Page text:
Debt Collection / Judgment / What Happens If You Cannot Pay A Judgment?

What Are Your Options When You Can't Pay a Judgment?

Written by Ascend Team
Updated Nov 13th, 2023
The information provided in this article does not, and is not intended to, constitute legal or financial advice; instead, all information, content, and materials available in this article are for general informational purposes only. 

When you cannot repay a debt, the creditor may file a debt collection lawsuit. If you do not respond to the lawsuit or have no legal grounds to dispute the debt, the court may enter a judgment against you. But what happens when you can't pay a judgment?

A judgment is a court order stating that you are legally liable for the debt and how much money you owe the creditor. The judgment includes attorneys’ fees and costs of filing the lawsuit. Therefore, the judgment amount could be much higher than the original debt. Also, judgments for debt collection may earn interest, so the amount you owe the creditor increases with time.

Getting sued by a creditor is a frightening experience. Now, if you can't pay a judgment, what can you do?

Three Options When You Can't Pay a Judgment

These three ways of dealing with a judgment have significant downsides that you should consider carefully before deciding how to handle a judgment.

Make Payment Arrangements with the Creditor

Some creditors may work with you to set up payment arrangements for the judgment debt. However, they are not legally obligated to work out a payment arrangement. They may also charge processing fees in addition to the amount you owe.

Setting up payments can be risky. The credit could decide at any time that it wants the entire balance paid in full. It may threaten to levy your bank account, seize personal property, or garnish your wages. The actions a judgment creditor may take to enforce a judgment depends on your state laws.

Do Not Dispute a Wage Garnishment Order

Wage garnishments for personal judgments are allowed in many states. However, the creditor must obtain a judgment before asking the court for a wage garnishment order.

You may object to the wage garnishment. Most states limit how much a creditor can receive through wage garnishment based on your income. In addition, you can petition the court to stop the garnishment if it creates an undue hardship.

Furthermore, your employer is now involved in the matter. Most people do not want their employer to know about their financial problems. Therefore, it may be wise to avoid a wage garnishment order if possible.

Borrow Money to Pay Off the Judgment

You may need to borrow money to pay off the judgment to avoid a wage garnishment order and other judgment collection efforts. However, your credit score may be lower because of the judgment. Therefore, finding someone willing to make a loan at a reasonable interest rate and terms might be difficult.

Furthermore, if the circumstances that caused you to default on the original debt have not changed, you probably do not have the money to pay a loan. As a result, you could be trading one debt for another debt, which is never wise.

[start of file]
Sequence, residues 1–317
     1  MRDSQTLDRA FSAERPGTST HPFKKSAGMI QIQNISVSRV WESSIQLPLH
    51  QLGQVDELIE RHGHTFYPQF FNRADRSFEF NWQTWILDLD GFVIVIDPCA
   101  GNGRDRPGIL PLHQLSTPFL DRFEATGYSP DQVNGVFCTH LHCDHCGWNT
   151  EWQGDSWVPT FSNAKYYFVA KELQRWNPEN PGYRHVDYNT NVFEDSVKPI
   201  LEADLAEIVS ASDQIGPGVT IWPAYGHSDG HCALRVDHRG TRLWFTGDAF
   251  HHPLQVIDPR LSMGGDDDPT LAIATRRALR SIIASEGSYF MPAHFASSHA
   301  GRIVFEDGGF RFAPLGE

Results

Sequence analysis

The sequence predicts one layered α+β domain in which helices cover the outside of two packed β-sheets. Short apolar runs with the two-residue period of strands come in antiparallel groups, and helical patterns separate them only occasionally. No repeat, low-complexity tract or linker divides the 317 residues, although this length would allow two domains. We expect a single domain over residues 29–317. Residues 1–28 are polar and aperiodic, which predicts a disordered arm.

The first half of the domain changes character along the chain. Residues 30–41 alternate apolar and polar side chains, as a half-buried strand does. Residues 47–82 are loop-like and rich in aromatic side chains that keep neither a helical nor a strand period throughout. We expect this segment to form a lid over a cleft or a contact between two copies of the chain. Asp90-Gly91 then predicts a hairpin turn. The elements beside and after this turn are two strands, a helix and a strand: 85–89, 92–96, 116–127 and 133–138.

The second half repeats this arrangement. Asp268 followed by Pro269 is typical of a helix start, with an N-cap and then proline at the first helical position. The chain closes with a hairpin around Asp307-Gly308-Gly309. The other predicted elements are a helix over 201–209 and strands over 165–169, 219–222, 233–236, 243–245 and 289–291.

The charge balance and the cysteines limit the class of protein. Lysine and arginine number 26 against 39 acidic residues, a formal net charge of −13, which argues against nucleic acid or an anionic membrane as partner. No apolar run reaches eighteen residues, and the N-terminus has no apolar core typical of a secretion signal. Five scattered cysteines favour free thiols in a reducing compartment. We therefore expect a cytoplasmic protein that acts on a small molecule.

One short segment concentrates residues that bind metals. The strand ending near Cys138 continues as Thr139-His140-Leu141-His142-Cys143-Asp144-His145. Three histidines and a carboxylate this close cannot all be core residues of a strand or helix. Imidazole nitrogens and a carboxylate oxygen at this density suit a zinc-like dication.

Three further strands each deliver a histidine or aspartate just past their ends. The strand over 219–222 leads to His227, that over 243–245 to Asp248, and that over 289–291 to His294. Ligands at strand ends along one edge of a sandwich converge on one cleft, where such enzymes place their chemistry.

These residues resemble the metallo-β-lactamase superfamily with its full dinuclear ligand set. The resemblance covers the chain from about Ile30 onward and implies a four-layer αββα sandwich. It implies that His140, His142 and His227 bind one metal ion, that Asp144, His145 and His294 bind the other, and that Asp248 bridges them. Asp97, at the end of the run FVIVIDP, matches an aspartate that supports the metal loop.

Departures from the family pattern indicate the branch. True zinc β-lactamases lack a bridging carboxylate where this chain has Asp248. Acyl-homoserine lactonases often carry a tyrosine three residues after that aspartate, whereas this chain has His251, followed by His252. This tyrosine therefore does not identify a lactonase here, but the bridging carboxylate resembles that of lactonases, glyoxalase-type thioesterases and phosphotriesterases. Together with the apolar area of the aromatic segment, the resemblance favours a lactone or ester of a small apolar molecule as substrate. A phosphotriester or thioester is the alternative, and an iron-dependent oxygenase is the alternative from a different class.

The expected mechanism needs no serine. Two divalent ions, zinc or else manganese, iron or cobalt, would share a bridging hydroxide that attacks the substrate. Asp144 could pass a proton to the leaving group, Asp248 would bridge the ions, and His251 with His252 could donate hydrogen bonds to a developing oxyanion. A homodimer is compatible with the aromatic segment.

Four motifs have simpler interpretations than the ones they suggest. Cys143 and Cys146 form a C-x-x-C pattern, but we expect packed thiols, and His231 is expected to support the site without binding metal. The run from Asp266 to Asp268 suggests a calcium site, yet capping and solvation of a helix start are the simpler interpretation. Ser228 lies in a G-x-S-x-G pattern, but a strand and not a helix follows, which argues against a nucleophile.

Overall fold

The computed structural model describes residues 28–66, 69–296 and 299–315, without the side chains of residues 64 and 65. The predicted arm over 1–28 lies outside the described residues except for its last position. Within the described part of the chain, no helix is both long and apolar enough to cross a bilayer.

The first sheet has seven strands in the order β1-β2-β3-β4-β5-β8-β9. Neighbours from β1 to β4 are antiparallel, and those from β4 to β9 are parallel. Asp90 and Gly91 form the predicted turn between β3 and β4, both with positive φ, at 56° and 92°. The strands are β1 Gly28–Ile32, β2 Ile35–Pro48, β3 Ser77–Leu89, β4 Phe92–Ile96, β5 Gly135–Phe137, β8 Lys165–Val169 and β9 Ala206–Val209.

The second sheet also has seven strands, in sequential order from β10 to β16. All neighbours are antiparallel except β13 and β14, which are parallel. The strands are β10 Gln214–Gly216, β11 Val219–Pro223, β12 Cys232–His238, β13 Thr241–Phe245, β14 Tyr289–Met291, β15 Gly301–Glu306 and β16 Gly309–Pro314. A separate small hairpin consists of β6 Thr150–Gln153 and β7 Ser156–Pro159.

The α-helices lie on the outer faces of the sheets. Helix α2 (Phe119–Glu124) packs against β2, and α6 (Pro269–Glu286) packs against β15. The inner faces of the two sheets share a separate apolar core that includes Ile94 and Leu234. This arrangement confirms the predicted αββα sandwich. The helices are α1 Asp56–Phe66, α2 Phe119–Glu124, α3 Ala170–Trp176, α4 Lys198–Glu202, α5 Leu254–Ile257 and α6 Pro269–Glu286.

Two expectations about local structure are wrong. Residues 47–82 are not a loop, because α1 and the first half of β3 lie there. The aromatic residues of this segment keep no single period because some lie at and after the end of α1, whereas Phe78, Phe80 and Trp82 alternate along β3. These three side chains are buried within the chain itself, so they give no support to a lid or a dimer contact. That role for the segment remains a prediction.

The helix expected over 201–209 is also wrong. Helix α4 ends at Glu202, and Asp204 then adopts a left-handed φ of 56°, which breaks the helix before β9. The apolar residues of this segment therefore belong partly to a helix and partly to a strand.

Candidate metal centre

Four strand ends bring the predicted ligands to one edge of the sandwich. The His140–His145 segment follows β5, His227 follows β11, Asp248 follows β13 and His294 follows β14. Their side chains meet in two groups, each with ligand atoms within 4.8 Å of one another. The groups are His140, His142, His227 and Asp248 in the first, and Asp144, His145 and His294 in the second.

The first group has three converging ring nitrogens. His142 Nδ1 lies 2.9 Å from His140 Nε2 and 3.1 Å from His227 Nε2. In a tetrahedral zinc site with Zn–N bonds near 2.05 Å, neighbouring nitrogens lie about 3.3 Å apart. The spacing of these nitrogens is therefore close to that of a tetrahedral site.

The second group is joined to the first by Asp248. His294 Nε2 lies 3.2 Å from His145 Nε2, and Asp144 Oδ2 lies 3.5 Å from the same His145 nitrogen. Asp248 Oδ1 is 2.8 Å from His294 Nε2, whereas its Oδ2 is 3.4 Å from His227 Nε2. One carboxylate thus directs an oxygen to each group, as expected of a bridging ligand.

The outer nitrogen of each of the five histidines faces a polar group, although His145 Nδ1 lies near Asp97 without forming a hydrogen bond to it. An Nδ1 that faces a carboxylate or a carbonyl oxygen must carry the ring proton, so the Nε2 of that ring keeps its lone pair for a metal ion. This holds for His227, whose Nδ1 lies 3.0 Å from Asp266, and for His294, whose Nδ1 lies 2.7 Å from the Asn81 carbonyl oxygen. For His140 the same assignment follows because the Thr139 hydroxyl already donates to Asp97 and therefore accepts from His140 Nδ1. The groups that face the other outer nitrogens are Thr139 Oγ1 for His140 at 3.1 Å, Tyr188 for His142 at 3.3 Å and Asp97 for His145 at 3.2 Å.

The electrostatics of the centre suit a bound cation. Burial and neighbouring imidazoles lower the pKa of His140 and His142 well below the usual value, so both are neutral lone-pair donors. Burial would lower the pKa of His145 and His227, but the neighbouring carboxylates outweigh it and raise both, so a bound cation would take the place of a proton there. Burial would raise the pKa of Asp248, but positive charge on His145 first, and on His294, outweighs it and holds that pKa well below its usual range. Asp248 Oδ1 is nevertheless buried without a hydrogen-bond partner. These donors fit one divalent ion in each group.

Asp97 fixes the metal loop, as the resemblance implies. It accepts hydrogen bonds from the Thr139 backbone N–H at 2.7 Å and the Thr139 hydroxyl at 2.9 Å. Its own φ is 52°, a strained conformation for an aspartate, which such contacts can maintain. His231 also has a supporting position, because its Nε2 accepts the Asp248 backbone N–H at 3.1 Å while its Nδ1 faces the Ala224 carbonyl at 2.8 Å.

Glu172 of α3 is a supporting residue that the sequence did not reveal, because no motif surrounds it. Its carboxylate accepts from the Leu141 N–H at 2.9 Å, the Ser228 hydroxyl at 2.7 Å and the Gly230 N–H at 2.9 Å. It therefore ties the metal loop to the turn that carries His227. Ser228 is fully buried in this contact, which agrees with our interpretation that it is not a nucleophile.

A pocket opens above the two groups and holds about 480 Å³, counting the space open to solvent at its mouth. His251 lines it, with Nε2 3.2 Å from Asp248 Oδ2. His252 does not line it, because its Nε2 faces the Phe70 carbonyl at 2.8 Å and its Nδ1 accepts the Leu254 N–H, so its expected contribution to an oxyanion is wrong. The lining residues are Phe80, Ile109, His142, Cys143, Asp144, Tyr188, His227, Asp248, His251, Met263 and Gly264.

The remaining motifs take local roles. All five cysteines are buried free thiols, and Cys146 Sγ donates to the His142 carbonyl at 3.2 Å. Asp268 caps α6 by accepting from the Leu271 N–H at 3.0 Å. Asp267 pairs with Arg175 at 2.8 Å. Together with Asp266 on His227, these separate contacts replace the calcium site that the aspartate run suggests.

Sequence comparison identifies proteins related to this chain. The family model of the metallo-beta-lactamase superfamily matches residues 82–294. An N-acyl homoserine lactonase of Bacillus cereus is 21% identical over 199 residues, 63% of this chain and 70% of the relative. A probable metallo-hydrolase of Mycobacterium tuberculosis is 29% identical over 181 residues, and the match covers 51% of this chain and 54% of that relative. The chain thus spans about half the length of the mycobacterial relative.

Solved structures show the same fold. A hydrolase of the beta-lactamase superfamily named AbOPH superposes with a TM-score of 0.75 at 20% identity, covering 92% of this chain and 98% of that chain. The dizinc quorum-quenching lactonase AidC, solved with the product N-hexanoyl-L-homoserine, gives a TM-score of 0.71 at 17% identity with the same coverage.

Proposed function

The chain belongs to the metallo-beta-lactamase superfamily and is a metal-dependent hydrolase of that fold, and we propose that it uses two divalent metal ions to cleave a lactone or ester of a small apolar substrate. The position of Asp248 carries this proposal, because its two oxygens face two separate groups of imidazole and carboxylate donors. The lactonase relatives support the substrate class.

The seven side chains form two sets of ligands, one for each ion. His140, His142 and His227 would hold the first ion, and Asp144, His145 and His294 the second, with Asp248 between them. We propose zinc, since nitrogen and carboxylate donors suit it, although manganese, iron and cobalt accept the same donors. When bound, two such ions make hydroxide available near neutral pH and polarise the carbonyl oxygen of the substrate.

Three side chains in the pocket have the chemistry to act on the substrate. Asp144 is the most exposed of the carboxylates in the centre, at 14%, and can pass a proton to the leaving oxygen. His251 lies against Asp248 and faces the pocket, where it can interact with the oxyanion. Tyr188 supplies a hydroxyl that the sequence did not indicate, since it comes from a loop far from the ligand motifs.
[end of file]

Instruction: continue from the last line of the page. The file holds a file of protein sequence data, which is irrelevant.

Consider Filing Chapter 7 to Get Rid of a Judgment

Filing a Chapter 7 bankruptcy case might be the best way to deal with judgment debt. Chapter 7 discharges most judgments for personal debts. Therefore, you could get rid of the judgment and the underlying debt with a Chapter 7 bankruptcy discharge without repaying any of the money you owe the creditor.

You must meet income qualifications to file for bankruptcy under Chapter 7. Our free Chapter 7 Bankruptcy Means Test Calculator estimates whether you are eligible to file Chapter 7.

Filing for bankruptcy relief gets rid of the judgment. However, filing Chapter 7 can also eliminate other unsecured debts, including:

  • Credit cards
  • Medical bills
  • Personal loans
  • Some old tax debt
  • Old rent or lease payments

Child support, alimony, recent personal tax debt, and student loans are generally not discharged through bankruptcy. However, you could exit Chapter 7 debt-free depending on your financial situation.

Resolve the Debt Problem Before the Creditor Files a Lawsuit

If you cannot afford to pay your debts, a bankruptcy filing might be unavoidable. If so, it might be best to file bankruptcy before creditors obtain judgments.

If the creditor receives a wage garnishment order, it may be impossible to get that money back if you put off filing bankruptcy. Likewise, the creditor could levy your bank account or take your personal property. Filing bankruptcy before the court enters the judgment prevents these events from happening. The judgment may be entered as a lien on your real estate too.

Once you file a Chapter 7 petition, the automatic stay prevents your creditors from taking any actions to collect debts without court approval. Filing Chapter 7 end debt collection efforts, including immediately stopping a debt collection lawsuit.

Are You Ready to Get Rid of Debts You Cannot Pay?

Learning about debt relief options is the best way to decide what works best for your situation. Contact us today to discuss Chapter 7, Chapter 13, debt settlement, and debt management options. We can also discuss the benefits of using our Savvy Debt Payoff Planner to get out of debt.

Ascend is ready to help. We provide information regarding bankruptcy and debt relief options. In addition, our team helps you locate a bankruptcy lawyer near you who offers free bankruptcy consultations if that is the route you decide is best for you. If you can't pay a judgment, reach out and we would love to talk your through your options.